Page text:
Australia: study warns of gambling harm risks from skill-based games

Australia: study warns of gambling harm risks from skill-based games

The study was led by researchers at Central Queensland University.

Australia.- A new study led by researchers at Central Queensland University and commissioned by Gambling Research Australia has revealed that SGMs may increase gambling harm and encourage repeated play among people who are already experiencing a gambling problem.

The study titled Skill-based Gambling in Australia found that people who already play electronic gaming machines are most likely to be attracted to SGMs, which introduce an element of skill into the otherwise chance-based world of electronic gambling machines (EGMs). While EGMs solely rely on luck to determine outcomes, SGMs permit players to employ strategic thinking, physical dexterity or knowledge.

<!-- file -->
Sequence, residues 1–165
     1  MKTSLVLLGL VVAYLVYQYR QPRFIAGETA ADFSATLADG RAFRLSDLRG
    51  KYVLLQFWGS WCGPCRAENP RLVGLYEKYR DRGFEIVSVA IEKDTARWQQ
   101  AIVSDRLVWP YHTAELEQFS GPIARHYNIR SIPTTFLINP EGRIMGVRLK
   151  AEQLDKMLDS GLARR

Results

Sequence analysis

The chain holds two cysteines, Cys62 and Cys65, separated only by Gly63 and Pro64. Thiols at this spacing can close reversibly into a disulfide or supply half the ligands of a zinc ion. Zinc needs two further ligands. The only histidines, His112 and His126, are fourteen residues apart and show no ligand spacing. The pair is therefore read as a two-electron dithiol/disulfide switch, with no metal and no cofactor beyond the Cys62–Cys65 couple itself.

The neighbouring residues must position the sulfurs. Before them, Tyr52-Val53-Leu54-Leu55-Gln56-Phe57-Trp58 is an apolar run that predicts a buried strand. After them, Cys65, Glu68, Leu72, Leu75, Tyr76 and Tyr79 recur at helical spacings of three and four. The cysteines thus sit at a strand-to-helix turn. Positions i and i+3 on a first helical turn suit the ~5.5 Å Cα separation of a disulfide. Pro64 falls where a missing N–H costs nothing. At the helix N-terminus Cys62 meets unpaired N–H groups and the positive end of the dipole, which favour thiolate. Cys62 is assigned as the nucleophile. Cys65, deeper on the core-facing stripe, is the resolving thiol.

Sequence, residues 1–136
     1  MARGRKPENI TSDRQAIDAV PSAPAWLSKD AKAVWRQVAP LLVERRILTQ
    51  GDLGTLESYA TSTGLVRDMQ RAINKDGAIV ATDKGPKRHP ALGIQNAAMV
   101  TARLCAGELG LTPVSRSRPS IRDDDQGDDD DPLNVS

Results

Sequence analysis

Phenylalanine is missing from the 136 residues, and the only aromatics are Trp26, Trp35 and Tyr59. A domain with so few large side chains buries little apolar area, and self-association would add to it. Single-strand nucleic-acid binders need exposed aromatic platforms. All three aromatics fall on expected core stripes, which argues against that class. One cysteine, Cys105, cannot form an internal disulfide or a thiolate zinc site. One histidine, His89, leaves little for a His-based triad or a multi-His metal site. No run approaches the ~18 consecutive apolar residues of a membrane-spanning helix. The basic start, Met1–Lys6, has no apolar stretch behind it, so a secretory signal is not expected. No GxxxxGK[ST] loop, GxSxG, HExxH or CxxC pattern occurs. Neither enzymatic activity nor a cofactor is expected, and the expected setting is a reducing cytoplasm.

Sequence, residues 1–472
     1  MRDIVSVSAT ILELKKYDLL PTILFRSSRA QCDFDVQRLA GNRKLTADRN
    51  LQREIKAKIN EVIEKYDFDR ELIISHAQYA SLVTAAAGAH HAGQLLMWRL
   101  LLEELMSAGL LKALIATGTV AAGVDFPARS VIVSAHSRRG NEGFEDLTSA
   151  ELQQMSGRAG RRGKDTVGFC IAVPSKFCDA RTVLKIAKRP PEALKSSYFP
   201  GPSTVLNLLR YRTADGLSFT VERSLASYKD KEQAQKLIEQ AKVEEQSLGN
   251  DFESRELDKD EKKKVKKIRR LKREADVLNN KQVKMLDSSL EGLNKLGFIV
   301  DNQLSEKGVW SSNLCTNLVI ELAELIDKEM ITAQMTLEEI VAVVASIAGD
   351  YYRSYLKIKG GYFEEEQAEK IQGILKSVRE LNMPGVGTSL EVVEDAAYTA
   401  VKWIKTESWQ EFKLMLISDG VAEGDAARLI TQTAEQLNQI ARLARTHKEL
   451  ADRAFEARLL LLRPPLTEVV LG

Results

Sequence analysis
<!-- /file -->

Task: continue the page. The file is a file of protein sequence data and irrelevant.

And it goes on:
According to experts, despite offering a distinct form of entertainment, SGMs foster “heightened illusions of control over gambling outcomes.” This phenomenon could potentially exacerbate problem gambling and the risk of gambling harm, as people may believe they can influence the game’s results.

The study states: “It is essential to prioritise the protection of vulnerable populations and consider the potential risks to the community before introducing any new form of gambling that will increase gambling harm in the Australian community.”

See also: Victorian AFL Clubs make over US$25.9m from pokies in full-year 2023

In this article: